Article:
(Germany 1865 – 1932)
29.7 x 23.8 cm image/sheet
Born in a small village in the Harz mountains, Karl Blossfeldt acquired an intimate knowledge of the structures of plant life and the effects of seasonal change on his childhood environment. This close observation laid the foundations for his later work. Originally apprenticed as a decorative cast-iron worker, he was sent to study at Berlin's Royal Museum of Arts and Crafts after his exceptional talent in drawing plant-like decorations for railings and gates became apparent. In 1890 he assisted Professor Moritz Meurer, who had been commissioned by the Prussian Ministry for Science, Art and Education, in compiling a collection of natural forms which could be used in artistic and architectural design.
In 1899 Blossfeldt took up a teaching position at the Academy of Konigliches Kunstgewerbemuseum and began photographing plant life. He produced a comprehensive photographic portfolio of botanical specimens intended mainly as educational material to re-invigorate the study of design, which he thought had been stultified by the machine age. The 'eternal, inexhaustible' source of inspiration for good design lay, for Blossfeldt, in the predetermined forms of nature which he photographed with exacting precision.
Blossfeldt's concentration on the surfaces, structures and textures of plants came to be regarded as a variation on 'Neue Sachlichkeit', or New Objectivity, which prevailed in German photography of the inter-war Weimar period. The exponents of New Objectivity were opposed to the romanticism of pictorial photography and the technical manipulation of negative and print to alter photographic 'truth' in favour of atmospheric and emotive effects. Walter Benjamin considered Blossfeldt, together with Atget and August Sander, as guardians of photographic objectivity who rejected the false aestheticisation of their contemporaries. For Benjamin, Blossfeldt's photography 'brought out the forms of ancient columns in horsetails, the bishop's staff in a bunch of flowers, totem poles in chestnut and acorn sprouts enlarged ten times, gothic tracery in teasel', thus revealing an 'optical unconscious'. More conservative critics saw Blossfeldt's photographs as a return to lost values and a call for renewed artistic focus on nature rather than mechanisation. Blossfeldt himself considered his work as tapping into the sublime and eternal source of creativity which had been the artistic inspiration of past epochs.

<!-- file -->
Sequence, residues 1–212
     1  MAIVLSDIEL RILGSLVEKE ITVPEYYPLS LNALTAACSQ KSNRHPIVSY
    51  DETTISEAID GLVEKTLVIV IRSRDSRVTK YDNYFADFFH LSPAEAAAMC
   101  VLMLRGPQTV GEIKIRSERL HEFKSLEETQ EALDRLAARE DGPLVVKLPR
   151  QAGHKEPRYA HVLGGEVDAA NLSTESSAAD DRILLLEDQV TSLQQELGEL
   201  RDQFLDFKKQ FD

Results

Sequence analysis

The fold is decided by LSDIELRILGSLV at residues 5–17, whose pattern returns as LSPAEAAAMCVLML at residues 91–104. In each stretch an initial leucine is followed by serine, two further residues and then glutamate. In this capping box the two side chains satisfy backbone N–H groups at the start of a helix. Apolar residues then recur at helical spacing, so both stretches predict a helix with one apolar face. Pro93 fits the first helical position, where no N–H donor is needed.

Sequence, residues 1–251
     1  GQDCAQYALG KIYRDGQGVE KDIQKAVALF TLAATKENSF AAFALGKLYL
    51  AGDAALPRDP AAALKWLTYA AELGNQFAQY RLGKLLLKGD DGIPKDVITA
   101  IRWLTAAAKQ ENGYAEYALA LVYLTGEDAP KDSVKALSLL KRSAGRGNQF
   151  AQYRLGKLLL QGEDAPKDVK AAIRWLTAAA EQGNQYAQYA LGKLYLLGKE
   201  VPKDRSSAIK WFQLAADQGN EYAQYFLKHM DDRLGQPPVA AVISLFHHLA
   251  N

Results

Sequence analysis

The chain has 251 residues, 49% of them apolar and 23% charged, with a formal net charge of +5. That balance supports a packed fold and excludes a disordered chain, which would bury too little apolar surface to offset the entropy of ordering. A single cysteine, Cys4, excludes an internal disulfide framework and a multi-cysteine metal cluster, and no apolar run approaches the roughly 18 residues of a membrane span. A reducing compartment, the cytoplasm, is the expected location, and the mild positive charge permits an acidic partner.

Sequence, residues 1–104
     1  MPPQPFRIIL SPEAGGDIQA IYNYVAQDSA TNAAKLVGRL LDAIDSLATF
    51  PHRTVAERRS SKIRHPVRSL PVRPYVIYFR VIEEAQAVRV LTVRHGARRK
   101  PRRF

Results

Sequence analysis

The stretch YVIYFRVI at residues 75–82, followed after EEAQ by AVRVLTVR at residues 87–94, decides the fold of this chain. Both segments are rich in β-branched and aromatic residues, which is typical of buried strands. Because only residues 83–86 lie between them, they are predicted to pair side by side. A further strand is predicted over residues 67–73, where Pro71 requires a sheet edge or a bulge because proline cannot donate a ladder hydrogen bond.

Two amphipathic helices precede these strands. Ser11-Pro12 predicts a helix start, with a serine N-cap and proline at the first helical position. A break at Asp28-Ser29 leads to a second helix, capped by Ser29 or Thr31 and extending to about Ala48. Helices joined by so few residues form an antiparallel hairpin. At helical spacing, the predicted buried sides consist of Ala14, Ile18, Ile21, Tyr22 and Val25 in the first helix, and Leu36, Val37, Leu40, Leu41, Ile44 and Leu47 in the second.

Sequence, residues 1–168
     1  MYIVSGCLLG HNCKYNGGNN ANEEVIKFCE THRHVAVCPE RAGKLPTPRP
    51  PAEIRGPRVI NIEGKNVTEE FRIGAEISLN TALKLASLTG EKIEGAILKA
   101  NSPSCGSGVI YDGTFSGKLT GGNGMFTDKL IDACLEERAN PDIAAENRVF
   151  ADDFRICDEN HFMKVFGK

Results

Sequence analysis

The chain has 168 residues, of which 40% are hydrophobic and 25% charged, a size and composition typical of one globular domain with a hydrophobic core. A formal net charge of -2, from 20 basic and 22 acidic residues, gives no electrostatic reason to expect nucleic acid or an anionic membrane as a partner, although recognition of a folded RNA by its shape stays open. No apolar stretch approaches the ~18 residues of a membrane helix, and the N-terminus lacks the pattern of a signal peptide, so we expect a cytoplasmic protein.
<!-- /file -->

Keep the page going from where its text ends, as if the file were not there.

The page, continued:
Blossfeldt's photographic record of form and structure as each plant develops also suggests the eternal. The subtle changes wrought on the architecture of the plant are recorded in images which mark each different stage in the passage of time. Yet this record of continual temporal change is offset by Blossfeldt's concentration on architectonic form divorced from context, which suggests the enduring timelessness of the plant 'type'. Paradoxically, therefore, Blossfeldt's photographs describe both the specific effects of temporal change and the unchanging nature of the eternal. [World without end: photography & the 20th century, AGNSW 2001 p. 151]
Karl Blossfeldt, Wundergarten der natur: neue Bilddokumente schöner pflanzenformen, Berlin, 1932, 27.
Anthony Bond, Photography: Art Gallery of New South Wales Collection, 'International modernism', pg.93-111, Sydney, 2007, 92 (illus.), 106 (illus.).
Joy before the object, Art Gallery of New South Wales, Sydney, 28 Sep 2013–02 Feb 2014